This double-edged sword can make it seem appealing to avoid examining yourself and stay unaware. But without assessing your character you will be unable to answer questions such as who do you want to be or what do you want to do in your life and where you are with regard to achieving both those objectives. By being perceptive and making sound, but self-critical judgements alongside the ability to take action, self-knowledge allows us to work on our failings.

As it is with a play, so it is with life — what matters is not how long the acting lasts, but how good it is. It is not important at what point you stop. Stop wherever you will — only make sure that you round it off with a good ending.

- Letter LXXVII

A good play like a good life is not judged on its length but on the quality within it. The play can come to an end at any time and every life will come to an end at some point. If you find yourself on autopilot or in a position you were not expecting to be in, ask yourself if your play is worth watching and are you, as the leading character, performing well?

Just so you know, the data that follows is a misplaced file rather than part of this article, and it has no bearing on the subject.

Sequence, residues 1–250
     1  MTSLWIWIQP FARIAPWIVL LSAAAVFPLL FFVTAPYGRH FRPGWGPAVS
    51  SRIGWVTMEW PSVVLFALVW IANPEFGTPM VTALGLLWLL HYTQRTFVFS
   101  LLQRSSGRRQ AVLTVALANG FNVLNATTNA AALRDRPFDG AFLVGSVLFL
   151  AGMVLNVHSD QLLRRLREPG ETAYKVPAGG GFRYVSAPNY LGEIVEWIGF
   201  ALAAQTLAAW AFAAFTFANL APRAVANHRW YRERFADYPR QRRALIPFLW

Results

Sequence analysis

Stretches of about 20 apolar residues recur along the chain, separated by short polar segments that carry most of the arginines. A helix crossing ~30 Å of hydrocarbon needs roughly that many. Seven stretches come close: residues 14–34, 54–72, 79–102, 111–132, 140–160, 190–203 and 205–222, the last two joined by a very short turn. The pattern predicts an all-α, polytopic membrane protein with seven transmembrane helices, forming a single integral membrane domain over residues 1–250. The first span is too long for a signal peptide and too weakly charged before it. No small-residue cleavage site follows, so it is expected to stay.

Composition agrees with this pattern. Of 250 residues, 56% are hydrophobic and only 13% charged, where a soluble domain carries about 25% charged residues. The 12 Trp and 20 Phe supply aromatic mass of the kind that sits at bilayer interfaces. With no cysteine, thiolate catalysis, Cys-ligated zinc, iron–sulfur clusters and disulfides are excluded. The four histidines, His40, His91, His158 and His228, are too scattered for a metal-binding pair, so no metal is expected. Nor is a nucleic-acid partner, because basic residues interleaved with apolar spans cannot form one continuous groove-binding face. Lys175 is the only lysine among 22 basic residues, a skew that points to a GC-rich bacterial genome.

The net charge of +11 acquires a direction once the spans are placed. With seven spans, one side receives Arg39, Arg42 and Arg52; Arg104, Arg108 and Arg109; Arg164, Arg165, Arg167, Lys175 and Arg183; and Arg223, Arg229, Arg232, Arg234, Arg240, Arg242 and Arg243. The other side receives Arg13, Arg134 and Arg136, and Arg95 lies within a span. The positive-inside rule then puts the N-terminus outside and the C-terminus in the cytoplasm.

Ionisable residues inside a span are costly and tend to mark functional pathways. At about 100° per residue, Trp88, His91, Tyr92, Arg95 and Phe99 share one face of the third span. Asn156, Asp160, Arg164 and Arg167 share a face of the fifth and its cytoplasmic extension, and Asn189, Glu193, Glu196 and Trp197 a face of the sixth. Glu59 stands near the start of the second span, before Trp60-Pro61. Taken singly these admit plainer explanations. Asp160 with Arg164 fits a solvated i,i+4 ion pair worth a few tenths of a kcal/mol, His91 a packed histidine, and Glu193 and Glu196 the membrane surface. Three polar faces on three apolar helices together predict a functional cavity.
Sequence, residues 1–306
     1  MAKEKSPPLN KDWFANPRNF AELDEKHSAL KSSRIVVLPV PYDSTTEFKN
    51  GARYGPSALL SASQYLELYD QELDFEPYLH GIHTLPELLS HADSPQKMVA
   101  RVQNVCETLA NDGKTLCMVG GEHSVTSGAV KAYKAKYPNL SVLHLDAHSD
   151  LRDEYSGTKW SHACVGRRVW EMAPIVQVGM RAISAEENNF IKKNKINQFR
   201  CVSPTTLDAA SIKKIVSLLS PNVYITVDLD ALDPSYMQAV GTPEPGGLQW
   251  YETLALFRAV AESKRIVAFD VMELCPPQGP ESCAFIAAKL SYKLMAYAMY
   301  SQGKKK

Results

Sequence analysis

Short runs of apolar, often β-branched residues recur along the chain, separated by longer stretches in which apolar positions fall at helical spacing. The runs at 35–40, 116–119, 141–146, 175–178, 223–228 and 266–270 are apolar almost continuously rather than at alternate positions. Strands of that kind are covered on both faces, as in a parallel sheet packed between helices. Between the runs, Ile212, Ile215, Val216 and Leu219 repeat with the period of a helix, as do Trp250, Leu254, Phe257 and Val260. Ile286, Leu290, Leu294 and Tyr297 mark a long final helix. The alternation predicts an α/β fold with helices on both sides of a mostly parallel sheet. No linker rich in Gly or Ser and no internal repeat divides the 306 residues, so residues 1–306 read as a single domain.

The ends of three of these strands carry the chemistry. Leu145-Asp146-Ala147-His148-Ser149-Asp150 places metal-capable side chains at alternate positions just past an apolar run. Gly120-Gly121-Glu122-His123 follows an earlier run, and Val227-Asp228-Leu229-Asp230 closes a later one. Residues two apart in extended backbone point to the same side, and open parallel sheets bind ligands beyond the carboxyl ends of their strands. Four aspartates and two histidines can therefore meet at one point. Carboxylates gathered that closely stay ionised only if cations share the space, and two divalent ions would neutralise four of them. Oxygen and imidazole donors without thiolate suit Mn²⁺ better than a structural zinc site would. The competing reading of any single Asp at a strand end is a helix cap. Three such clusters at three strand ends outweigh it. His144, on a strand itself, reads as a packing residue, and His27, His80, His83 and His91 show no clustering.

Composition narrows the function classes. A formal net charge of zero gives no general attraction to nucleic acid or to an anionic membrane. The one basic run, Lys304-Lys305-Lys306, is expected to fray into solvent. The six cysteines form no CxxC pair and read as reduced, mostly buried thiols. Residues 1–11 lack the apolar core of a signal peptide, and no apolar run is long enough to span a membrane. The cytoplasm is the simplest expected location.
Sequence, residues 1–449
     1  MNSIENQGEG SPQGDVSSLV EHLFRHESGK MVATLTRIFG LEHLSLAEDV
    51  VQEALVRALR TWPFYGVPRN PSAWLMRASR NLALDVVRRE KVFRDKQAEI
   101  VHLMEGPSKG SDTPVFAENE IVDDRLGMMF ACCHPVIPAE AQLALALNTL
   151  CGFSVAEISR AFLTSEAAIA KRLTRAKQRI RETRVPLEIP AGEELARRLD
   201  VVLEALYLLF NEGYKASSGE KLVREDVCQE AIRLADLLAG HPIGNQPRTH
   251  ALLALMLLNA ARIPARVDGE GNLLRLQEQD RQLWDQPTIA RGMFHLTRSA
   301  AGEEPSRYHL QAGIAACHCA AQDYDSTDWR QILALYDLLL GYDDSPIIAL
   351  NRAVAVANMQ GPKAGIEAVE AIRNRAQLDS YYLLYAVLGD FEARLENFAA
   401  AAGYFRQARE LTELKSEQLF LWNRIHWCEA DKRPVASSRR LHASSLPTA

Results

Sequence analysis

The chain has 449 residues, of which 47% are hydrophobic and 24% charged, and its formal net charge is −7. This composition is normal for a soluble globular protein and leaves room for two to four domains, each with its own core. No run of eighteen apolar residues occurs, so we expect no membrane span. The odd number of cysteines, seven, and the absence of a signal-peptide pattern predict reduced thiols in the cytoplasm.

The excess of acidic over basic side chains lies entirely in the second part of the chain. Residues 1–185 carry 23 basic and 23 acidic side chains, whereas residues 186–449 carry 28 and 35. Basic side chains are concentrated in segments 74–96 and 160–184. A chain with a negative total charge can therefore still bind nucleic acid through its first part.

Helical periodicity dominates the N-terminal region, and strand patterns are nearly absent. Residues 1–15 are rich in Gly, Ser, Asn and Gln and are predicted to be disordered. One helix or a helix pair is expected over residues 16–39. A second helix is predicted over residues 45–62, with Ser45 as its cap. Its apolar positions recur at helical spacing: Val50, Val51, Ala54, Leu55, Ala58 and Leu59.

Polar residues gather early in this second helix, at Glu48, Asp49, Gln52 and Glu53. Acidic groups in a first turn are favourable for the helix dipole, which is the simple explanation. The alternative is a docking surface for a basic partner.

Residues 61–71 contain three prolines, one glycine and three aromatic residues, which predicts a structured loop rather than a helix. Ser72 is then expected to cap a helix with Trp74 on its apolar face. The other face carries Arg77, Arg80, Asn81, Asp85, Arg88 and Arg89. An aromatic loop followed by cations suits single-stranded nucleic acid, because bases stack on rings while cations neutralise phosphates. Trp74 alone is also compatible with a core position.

Illness has actually given many people a new lease of life; the experience of being near to death has been their preservation. You will die not because you are sick but because you are alive. That end still awaits you when you have been cured.

- Letter LXXVIII

There are countless stories of people who were close to death, surviving the experience and going on to live their lives to the fullest as a result. This transformation comes down to a reflection on the fragility of their life and the uncertainty of their future that many others have not achieved.

Your time is limited, so don’t waste it”, Steve Jobs once said. By enduring and then reflecting on painful ordeals, you can use them as a way to become a stronger and more purposeful in your quest for greatness.

These are conditions of existence which we cannot change. What we can do is adopt a noble spirit, such a spirit as befits a good man, so that we may bear up bravely under all that fortune sends us and bring our wills in tune with nature’s.
One can do nothing better than endure what cannot be cured and attend uncomplainingly the God at whose instance all things come about. It is a poor soldier that follows his commander grumbling. So let us receive our orders readily and cheerfully, and not desert the ranks along the march — the march of this glorious fabric of creation in which everything we shall suffer is a strand.

- Letter CVII

In order to stay calm when facing hardships or misfortune, prepare for these situations in advance of them actually occurring. Think about how things could go wrong and how you would deal with them if they did. Accept whatever happens with an honourable spirit, rather than fighting against it.


Buy the book Letters from a Stoic, which helps me provide more great content for free.